Does your dog have trouble listening in the presence of their favourite forest critters? If your dog is obsessed with squirrels, it might be impossible to get their attention in the fall when the little rascals are racing around burying their nuts. Though it’s natural for dogs to feel tempted to chase prey, you can teach your dog to ignore squirrels and listen to you no matter what.
Why Dogs Chase Squirrels
Depending on your dog’s breed, it may be more challenging to train them to resist the urge to chase. Most dogs have some level of prey drive. The scent and the sight of a squirrel, especially as it darts around your yard, piques your dog’s drive to hunt and chase.
But most of the time, dogs do not successfully capture squirrels. Those that do rarely attempt to eat their catch. Even an unsuccessful chase results in a heart-racing thrill and incites an exciting, fearful reaction from the squirrel.
It’s important that you manage your expectations. Chasing squirrels is exciting, and the more experience your dog has doing it, the more difficult it will be to change your dog’s habits. Even so, it is possible to teach your dog that recalling to you, rather than ignoring you in pursuit of a squirrel, is the more rewarding option.
Managing Your Dog’s Access To Squirrels
If your dog spends a lot of their time outside in your yard unsupervised, they’ll have plenty of time to practice chasing squirrels.
Your best bet is to go on more leashed walks and supervise your dog while they’re in the yard. If you’re unable to make those changes, you can still work on teaching your dog to ignore squirrels while you are on walks. However, if your dog has lots of alone time outside, they’ll continue to use the prey in your yard to stay entertained.
Does your dog go nuts over squirrels when they’re window-watching? You can use frosted window clings to obscure their view.
Changing The Way Your Dog Reacts To Squirrels
When your dog sees a squirrel, they instantly anticipate a fun, exciting chase. Within seconds, they switch into high gear and become too overstimulated to turn their attention back to you. When your dog is in this crazed state, it’s very unlikely that you’ll be able to teach them anything.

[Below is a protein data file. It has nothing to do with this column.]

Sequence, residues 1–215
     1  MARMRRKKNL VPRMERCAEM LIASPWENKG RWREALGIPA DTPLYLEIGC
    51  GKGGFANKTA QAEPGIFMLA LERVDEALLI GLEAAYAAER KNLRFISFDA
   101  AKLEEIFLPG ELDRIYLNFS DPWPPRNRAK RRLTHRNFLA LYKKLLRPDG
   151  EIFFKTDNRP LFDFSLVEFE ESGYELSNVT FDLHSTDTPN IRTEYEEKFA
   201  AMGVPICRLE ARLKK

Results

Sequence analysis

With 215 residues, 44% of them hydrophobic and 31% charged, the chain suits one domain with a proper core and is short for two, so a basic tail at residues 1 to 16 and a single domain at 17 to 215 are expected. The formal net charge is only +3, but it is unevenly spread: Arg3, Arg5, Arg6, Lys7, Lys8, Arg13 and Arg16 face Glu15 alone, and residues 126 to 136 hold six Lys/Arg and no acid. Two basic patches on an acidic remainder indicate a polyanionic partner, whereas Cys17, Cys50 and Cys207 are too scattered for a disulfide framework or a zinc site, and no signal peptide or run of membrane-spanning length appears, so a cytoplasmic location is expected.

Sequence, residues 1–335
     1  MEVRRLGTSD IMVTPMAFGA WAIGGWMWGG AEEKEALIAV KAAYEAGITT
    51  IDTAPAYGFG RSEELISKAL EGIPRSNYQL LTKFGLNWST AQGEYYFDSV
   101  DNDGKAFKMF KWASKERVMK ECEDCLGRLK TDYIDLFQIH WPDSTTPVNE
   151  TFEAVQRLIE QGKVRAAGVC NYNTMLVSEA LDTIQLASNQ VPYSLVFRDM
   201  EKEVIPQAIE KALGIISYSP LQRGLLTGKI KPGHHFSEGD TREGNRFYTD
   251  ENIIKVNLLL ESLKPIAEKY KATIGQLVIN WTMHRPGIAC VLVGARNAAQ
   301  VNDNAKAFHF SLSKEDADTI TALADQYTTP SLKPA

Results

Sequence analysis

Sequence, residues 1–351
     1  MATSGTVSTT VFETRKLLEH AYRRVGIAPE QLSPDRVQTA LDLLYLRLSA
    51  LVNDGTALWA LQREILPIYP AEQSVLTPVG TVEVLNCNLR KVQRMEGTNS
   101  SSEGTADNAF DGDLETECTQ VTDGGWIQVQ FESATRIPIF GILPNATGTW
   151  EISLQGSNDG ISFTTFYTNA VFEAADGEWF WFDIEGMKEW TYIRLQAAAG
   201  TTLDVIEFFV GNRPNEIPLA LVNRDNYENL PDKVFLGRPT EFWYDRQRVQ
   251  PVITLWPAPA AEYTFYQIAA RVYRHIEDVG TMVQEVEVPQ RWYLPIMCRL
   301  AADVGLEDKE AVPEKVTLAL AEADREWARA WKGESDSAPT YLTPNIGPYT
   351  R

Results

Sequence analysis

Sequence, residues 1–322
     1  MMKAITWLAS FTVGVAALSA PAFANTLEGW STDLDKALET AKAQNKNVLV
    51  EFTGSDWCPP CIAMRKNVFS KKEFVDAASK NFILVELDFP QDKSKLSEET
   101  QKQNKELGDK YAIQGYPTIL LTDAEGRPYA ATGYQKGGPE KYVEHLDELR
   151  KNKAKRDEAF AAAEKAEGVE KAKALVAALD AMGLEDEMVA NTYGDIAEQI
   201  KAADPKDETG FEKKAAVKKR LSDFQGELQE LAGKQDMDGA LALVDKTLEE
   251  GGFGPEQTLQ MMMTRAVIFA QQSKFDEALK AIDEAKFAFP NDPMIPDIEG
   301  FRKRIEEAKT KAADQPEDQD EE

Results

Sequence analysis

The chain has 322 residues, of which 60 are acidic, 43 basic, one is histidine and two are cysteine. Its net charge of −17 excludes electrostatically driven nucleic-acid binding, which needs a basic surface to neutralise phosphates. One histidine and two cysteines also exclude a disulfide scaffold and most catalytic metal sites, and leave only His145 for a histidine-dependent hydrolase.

But if you can get your dog’s attention at that moment before they switch into “squirrel mode”, you can show them that it’s more rewarding for them to stay by your side.
When you and your dog encounter a squirrel, whether you’re out in your yard with your dog at the end of a long line or you have your dog on a leash for a walk, you should have some high-value rewards on hand.
It’s not enough to shovel yummy treats into your dog’s mouth. Something exciting should happen. You can scatter treats across the ground and encourage your dog to sniff about for them. You can also offer your dog some treats, and once you get their attention, sprint in the opposite direction, driving your dog to “hunt” you instead – earning another jackpot of treats.
In these beginning stages, it won’t make sense to ask your dog to “sit” or “stay”. Your dog should discover that all they have to do to earn treats is to turn their attention back to you.
There are going to be times when your timing is off, and your dog remains fixated on the squirrel. At those times, your dog will be too overstimulated to care about treats. Setbacks are to be expected while your dog is still learning. Try, try again!
You do not have to rely solely on treats as a reward. You can actually work with your dog’s prey drive by giving them appropriate things to chase. Try chase-based activities like using a flirt pole, lure chasing, and fetch – especially with toys made out of real animal hide.
For More Help With A Dog Obsessed With Squirrels
Though most dogs are nuts about squirrels, every case is different. If you’re still having trouble getting your dog to leave critters alone, or you just want to make sure you’re on the right track, a trainer who uses reward-based, science-backed methods can help.
Healthy Houndz Dog Training offers both local and private training in Toronto and North York and remote training via Zoom for dog parents worldwide.